Early in the Ezekiel Elliott contract negotiations, Stephen Jones swore that whatever the team agreed to with its 24-year-old star running back, it wouldn’t be a record. “We’re damn sure not going to be a market-setter,” Jones said, before explaining, a little cryptically and a little ironically, that his stance was “because of all the things that go with being a Dallas Cowboy.” Well, Elliott is a Dallas Cowboy and will be for a few years to come. And he’s a market-setter.
On Wednesday morning Elliott and the Cowboys agreed to a six-year, $90 million contract extension with $50 million in guarantees, and he’ll be in uniform and ready to go for Dallas’s Week 1 home game vs. the Giants. That $15 million APY, and, much more relevant, that $50 million guaranteed are both records for running backs, breaking the marks set by the Rams’ Todd Gurley last year. With the caveat that big NFL contracts almost never end up playing out to completion, it still feels safe to say that, in a league that has increasingly devalued individual running backs in recent years, the Cowboys bucked the trend—and Elliott’s holdout paid off.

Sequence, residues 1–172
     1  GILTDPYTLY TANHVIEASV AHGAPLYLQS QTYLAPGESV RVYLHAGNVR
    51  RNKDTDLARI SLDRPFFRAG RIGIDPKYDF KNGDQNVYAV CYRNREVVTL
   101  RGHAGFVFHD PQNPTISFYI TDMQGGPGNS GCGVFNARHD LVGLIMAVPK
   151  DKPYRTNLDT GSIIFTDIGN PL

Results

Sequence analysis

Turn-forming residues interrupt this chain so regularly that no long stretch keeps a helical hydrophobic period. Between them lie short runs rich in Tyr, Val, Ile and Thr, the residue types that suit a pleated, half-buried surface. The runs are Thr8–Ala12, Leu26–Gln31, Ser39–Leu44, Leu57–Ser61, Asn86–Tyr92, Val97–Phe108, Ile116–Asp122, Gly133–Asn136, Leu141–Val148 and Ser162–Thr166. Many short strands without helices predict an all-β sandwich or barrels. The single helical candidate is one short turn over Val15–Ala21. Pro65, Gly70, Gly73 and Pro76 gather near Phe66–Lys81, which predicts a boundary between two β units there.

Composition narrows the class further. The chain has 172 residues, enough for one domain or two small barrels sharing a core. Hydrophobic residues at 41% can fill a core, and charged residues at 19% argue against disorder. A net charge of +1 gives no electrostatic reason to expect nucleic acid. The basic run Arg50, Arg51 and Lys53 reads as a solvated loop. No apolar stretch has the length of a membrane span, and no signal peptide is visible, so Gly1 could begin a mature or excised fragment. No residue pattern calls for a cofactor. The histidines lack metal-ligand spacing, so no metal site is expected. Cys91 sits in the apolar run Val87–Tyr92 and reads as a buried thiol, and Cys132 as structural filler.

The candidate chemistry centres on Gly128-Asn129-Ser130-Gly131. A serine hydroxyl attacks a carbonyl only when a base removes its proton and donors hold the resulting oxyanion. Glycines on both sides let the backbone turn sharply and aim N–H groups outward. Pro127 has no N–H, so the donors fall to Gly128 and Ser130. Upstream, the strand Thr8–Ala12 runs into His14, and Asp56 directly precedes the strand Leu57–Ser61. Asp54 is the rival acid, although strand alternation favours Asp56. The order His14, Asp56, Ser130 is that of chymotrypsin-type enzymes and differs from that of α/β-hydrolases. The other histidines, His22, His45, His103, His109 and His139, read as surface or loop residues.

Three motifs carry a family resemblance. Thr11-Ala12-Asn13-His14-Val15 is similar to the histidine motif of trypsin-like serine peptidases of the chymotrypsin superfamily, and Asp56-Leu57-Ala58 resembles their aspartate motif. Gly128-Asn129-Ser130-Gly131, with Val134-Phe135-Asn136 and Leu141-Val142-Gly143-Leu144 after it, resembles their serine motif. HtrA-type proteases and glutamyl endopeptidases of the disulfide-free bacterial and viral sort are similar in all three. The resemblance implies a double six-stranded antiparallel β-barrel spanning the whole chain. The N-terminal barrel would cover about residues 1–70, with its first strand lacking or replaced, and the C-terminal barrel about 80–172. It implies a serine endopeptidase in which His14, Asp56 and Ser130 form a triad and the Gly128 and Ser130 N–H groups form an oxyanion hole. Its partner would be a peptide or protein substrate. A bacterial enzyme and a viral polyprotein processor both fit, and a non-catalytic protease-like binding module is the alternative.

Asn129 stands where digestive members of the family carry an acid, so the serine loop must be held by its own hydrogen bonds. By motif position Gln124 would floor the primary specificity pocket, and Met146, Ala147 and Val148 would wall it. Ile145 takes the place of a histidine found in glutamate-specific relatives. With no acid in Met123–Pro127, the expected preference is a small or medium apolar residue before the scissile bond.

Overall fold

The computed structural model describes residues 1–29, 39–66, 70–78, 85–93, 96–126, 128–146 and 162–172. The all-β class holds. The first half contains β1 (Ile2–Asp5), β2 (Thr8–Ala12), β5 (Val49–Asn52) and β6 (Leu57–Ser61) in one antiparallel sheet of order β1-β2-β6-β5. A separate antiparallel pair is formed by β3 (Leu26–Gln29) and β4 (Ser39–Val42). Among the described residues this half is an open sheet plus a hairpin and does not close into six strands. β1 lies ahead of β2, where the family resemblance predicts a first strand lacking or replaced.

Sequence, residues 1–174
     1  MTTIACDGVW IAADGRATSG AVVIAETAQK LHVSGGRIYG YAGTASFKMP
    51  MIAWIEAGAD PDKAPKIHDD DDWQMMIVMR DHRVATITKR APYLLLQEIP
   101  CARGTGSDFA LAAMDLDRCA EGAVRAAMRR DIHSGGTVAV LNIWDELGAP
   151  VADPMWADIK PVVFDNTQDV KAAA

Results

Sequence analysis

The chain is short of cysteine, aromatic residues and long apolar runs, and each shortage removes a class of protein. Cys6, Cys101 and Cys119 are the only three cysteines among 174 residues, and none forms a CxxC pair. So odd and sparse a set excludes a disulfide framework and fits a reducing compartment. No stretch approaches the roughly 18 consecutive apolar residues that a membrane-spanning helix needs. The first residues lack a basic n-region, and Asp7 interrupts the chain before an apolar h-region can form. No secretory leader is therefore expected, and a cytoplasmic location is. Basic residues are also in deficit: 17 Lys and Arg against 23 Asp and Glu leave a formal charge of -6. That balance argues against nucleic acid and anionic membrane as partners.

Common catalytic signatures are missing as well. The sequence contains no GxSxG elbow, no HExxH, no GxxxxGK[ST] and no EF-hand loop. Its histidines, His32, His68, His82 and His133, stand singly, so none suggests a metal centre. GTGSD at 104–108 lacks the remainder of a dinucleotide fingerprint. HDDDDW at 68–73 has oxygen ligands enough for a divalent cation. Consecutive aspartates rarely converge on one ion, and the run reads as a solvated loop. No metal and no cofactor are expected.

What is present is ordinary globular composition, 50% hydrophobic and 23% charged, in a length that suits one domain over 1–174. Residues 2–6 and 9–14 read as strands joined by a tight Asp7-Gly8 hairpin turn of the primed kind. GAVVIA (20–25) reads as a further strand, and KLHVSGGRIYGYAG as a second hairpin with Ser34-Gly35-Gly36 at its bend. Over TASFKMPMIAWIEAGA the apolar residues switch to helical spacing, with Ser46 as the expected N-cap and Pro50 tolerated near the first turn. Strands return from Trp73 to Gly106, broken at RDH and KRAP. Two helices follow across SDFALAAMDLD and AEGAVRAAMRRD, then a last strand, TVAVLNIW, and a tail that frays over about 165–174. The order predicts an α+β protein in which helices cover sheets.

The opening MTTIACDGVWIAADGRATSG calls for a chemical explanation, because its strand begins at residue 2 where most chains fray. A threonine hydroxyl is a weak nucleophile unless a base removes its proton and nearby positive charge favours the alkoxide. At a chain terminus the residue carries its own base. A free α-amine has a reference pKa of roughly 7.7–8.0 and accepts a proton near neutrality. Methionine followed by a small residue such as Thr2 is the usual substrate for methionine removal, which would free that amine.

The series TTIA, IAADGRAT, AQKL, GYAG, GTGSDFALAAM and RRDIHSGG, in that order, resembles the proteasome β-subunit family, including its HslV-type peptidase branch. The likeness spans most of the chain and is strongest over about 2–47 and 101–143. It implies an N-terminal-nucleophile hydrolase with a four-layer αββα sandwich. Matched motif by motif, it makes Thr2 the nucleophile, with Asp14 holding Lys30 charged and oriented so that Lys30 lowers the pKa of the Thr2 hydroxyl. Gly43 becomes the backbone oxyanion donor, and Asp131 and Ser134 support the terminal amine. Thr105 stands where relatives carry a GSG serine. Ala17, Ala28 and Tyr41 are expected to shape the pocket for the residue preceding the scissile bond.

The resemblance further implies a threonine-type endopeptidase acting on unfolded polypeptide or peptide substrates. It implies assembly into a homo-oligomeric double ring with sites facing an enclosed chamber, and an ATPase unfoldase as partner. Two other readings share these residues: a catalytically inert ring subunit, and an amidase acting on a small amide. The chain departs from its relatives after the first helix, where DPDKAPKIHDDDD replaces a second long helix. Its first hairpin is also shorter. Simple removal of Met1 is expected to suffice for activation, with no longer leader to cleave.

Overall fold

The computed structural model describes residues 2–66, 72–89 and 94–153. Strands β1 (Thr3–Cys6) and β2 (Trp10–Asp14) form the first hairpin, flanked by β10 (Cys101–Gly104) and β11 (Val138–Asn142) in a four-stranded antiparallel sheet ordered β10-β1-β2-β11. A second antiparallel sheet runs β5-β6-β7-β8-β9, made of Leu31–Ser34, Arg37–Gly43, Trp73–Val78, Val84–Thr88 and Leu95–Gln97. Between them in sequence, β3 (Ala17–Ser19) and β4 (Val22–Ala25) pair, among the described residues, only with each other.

Zeke still has two more years of his rookie deal left to go before the extension kicks in, so this deal seems likely to keep him a Cowboy well into his prime, if not through it. But how long exactly?
There’s no way of knowing without seeing the details of the contract, specifically how the guarantees are structured and whether they’re full or for injury only. This is only an educated guess, but it seems logical that most or all of the guarantees will be in the front half of the deal. If that’s the case, this would be functionally a three-year extension, with three one-year team options on the end of it. That’s a positive for the Cowboys, and length is likely what Elliott gave up in return for big money up front. What it would mean is that, after the two rookie-deal years and the three guaranteed-money seasons, which would run through Elliott’s age-28 season, Dallas could determine each year whether to bring him back, or to cut him loose at no penalty if they decide he’s not a top-tier back anymore.
Even with those effective option years, this is a big commitment to Elliott in an age of disposable RBs. But he’s done nothing in his young career but show he’s worth building an offense around, and with the Cowboys having locked up the likes of DeMarcus Lawrence, La’el Collins, and Jaylon Smith this offseason—with a Dak Prescott deal not far off—their core in is place for what they hope is a multi-year Super Bowl window. In that framework, Elliott was worth it to the Cowboys, and what’s more, he knew his worth. That’s why he got to skip training camp and spend the last month in Cabo—a win even without the contract—and that’s why he’s a market-setter.